Shooting the "Shoe" with Elisa Bricker
Here at Heirloom we have been long time friends and fans of Elisa Bricker. She has been photographing weddings for over a decade and creates the most stunning wedding imagery with classic and feminine details. We asked her about her styling process, how it has changed over time, and how she tackles that challenging “shoe shot.”
Did you always include flat lay images in your work?
When I first started, there was more of a emphasis on photojournalism, not inserting yourself into the image or changing its components. As I looked at my results I felt frustrated at times thinking about the ways it could have been better. The more I grew as a photographer, so more I considered the flat lay images I created a gift to my couples and their families. These items are usually chosen very thoughtfully and often include family heirlooms that deserve their own thoughtful portrait. I use my styling boards to photograph welcome gifts, the paper suite, shoes, bouquets, bridesmaid gifts, boutonnieres - for anything when you need a clean background!
Do you style your own details, or do you enlist the help of a stylist or planner?
I love having a stylist or planner involved. The collaborative process is always fun for me. Most weddings days have a concise timeline, so we create these images in advance. If they must be taken on a wedding day, then I create them myself.
Shoe shots are very popular, but can be hard to style, can you share your process? Anything photographers should keep in mind when shooting the bride's shoes?
Angles are everything! I love a good shoe shot. I’ll often use my styling board and then overlay a veil if the bride has one. Keep the heels very tidily together or separate intentionally. I also like shoes in detail shots with rings and perfume, or lying on their sides (especially if there are straps that look like they are drooping when the shoes are upright).
What are your favorite styling tools to use? How do you pack your tools? Do you bring them to every wedding?
I used to use lens caps to prop items up, but now I always bring my styling blocks. They are so useful! I carry them in my linen case with my styling boards so that they go everywhere together. I don’t use any ribbon or other props. Even if I’m using a linen as a background I still place it on my styling board so that I know that everything will be flat, and I clamp it to my board as well so it doesn’t move.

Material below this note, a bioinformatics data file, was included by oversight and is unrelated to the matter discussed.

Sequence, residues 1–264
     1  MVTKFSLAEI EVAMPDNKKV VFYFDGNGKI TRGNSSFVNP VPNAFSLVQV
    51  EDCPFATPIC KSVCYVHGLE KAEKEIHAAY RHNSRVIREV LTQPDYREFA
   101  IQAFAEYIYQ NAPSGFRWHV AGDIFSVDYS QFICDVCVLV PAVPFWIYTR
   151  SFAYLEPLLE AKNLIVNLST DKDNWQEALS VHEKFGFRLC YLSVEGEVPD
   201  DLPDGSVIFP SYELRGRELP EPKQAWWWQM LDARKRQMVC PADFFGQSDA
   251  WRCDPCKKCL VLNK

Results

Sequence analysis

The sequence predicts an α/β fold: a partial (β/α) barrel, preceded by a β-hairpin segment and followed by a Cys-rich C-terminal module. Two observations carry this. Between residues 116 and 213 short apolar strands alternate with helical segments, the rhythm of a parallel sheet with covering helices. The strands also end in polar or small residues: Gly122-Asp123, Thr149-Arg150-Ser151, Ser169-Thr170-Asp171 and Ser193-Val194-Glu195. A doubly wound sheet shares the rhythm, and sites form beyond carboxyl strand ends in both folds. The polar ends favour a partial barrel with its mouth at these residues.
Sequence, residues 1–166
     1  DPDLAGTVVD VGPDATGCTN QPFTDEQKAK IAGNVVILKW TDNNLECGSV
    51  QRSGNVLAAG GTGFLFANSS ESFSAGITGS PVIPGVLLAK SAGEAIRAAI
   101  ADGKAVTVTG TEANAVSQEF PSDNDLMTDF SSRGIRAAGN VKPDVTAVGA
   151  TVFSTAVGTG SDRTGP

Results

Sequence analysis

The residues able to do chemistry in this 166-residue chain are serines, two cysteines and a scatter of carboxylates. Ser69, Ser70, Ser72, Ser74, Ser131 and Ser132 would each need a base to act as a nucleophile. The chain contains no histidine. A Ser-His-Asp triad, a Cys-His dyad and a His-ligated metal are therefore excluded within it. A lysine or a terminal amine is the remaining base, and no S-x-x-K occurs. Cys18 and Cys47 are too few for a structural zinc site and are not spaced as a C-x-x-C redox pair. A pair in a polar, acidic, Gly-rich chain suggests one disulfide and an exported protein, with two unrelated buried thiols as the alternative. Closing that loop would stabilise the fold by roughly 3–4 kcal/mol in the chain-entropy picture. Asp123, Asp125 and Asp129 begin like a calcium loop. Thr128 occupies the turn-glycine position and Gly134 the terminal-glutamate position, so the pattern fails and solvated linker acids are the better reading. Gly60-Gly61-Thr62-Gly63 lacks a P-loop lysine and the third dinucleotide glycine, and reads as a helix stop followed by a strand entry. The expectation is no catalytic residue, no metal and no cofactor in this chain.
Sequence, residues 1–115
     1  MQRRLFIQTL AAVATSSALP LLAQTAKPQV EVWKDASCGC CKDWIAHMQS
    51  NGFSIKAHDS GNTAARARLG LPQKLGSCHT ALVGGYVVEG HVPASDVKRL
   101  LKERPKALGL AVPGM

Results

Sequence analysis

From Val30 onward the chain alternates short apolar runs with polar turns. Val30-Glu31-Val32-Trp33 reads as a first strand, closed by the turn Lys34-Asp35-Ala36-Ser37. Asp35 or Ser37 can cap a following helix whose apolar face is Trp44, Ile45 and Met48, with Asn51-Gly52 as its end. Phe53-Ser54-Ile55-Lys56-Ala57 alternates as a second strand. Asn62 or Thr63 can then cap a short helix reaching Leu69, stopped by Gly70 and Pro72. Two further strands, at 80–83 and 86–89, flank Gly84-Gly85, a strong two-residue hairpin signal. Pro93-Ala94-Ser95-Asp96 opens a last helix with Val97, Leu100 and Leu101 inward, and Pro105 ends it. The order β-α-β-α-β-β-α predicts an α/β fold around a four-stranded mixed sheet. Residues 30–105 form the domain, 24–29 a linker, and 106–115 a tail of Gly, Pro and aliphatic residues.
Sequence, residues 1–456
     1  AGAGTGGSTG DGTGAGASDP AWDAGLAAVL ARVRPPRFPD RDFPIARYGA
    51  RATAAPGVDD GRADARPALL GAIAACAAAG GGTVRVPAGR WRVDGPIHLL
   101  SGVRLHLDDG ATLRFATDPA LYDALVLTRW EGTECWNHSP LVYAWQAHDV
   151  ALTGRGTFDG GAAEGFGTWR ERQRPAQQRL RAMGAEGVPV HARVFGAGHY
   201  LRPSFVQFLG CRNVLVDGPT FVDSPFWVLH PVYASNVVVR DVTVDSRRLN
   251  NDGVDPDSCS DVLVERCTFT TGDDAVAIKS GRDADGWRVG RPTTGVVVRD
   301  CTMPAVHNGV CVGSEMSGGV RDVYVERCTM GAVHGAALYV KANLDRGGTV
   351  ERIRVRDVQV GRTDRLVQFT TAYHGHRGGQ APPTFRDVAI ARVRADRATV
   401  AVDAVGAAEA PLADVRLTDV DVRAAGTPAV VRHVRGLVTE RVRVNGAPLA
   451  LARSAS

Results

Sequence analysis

Are there any compositional rules that you use when you style details? How do you begin, and what steps do you take? How do you know when you're done? Is there a different process for styling shoes vs. styling the invitation suite?
I try to stay true to to the design and feeling of the wedding, so I start by getting to know as much as I can about the design. You can learn a lot from the details you have, but I get to know the entire design scope before the wedding so I know what linens, flowers, paper, rentals, signage, etc. will be used on the day. It informs wether I create intricate flat lays with lots of details or simpler, classic ones.
For shoes in particular, I try to have a few options because I want to make sure I have choices after the wedding day when it’s time for album design, feature, etc. There is always a moment when I know I’m done and I know I’ve got ‘the shot’!
My process for shoes is very different than for paper. When I’m photographing paper, I usually incorporate the couples ribbon or some flowers. For shoes, I generally want more of the bride’s personal details and want to make it feel like I’m giving you an intimate getting ready moment (though sometimes that means I include flowers too!).
What do you do to make your detail photos uniquely you?
I think the longer you create and ask yourself if it pleases you, the easier it is to create something you’re proud of and that feels authentic. I try to follow a lot of different creatives, but not many photographers. I’m always asking myself ‘what do I like about this’ when I come across an image I like. That way when it’s time to create I’m ready to produce something I’ll like!
To see more of Elisa’s beautiful work, visit ElisaBricker.com